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May 28, 2009
The Wall Street Journal today (May 28, 2009) published a review of multiple Linux netbooks running Ubuntu, Mi and Moblin Linux. Overall, I think the review offers fair, balanced coverage of what’s right — and wrong — with the Linux netbook market today. But there was one line in the review that I found completely misleading and shortsighted.
First, let’s start with the positive. The Journal spent a week “using several flavors of Linux running on netbooks — Ubuntu, Hewlett-Packard’s Mi (which is based on Ubuntu) and Moblin, created largely by Intel and not yet available commercially.”
The devices were:
H-P’s Mini 110 Mi Edition running Mi
An Acer netbook running Moblin
Dell Mini 10 running Ubuntu 8.04 (plus a manual install of the new Ubuntu Netbook Remix Edition)
The Journal made some fair points, noting that the Linux netbooks had compatibility problems with external devices:
“The netbooks couldn’t load the software drivers to let me print to my Canon and Dell printers. I couldn’t load pictures over a USB cable from my Canon PowerShot SD750 digital camera. I was able to get my pictures on the machines by plugging a storage card from my camera directly into the netbooks.”
Translation: Linux netbooks may not be ready for many consumers and businesses, especially users who want their PCs and notebooks to discover and work seamlessly with the vast majority of peripherals.
Now, my concern. This line from The Wall Street Journal article upset me:
“Since a Windows XP version of the Dell Mini 10 sells for the same price as the Ubuntu, I can’t see a compelling reason to choose the Ubuntu option.”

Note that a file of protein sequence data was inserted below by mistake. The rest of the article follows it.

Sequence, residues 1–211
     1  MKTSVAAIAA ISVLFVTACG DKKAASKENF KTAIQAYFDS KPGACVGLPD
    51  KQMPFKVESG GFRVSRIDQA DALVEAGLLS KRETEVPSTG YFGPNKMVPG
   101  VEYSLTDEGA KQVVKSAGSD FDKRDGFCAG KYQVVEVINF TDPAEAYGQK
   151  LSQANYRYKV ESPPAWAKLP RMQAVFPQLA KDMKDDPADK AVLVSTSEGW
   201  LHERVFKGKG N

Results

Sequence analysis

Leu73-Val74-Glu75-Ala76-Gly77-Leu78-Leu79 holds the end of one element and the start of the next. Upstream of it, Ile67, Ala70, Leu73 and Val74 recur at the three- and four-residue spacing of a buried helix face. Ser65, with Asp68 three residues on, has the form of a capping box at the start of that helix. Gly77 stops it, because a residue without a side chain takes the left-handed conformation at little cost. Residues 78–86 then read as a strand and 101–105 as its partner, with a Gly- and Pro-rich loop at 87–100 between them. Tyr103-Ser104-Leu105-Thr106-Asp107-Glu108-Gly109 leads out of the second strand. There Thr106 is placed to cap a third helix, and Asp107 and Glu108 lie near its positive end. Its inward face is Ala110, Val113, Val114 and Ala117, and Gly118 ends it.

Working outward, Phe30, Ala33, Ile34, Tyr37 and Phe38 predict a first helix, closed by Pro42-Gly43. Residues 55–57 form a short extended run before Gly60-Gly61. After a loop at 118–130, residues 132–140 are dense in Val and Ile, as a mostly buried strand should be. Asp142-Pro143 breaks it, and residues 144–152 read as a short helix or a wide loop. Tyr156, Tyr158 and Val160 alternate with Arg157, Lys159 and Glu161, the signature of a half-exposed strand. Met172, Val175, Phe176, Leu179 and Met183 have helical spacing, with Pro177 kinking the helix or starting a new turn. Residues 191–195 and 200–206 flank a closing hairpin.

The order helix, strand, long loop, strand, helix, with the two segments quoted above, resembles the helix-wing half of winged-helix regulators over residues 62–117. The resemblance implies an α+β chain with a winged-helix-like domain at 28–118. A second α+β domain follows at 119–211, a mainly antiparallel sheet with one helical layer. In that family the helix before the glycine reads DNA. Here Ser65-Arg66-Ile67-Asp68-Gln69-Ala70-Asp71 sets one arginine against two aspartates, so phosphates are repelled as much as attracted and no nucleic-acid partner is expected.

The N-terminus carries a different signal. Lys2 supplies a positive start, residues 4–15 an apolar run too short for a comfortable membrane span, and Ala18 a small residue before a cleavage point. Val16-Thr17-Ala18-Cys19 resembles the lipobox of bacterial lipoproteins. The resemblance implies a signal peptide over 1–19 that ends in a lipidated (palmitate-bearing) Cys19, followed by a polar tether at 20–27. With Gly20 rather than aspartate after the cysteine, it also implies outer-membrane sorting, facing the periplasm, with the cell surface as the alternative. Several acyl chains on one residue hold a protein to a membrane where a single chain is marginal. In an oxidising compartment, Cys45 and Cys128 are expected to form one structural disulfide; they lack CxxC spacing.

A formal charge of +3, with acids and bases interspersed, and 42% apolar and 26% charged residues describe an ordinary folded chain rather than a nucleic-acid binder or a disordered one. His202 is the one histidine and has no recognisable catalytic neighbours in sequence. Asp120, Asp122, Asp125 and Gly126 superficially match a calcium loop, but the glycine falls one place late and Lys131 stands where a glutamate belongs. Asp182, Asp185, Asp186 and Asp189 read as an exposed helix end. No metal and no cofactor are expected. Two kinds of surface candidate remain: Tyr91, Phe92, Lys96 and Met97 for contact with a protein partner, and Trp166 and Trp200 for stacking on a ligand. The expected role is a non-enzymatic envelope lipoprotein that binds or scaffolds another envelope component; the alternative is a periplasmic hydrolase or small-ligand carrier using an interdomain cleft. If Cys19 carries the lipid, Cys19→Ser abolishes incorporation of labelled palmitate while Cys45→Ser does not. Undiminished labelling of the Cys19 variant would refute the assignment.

What a shortsighted comment. Forget about initial costs. Let’s focus on total cost of ownership, and software productivity. A Dell Mini 10 with Ubuntu will never suffer from the security and virus issues that a Dell Mini 10 with Windows XP will surely experience.
Running mounds of security software on a netbook can suck up processing power, slow down the system, hit your wallet … and the list goes on.
No doubt, Linux netbooks have their shortcomings. But The Journal should have noted that Microsoft’s own mainstream operating system — Windows Vista — has had so many compatibility and resource issues, that Microsoft was forced to downgrade Netbook customers to XP. And those XP customers will live forever with Microsoft’s security headaches, plus incremental costs for Microsoft Office and other Microsoft applications.
In stark contrast, I’ve run Ubuntu on desktops, notebooks and netbooks with OpenOffice (bundled free) for two years. And I can’t recall experiencing a security headache or paying for security software. (That’s not an invitiation to hack me.)
Too bad the Journal overlooked this TCO issue.
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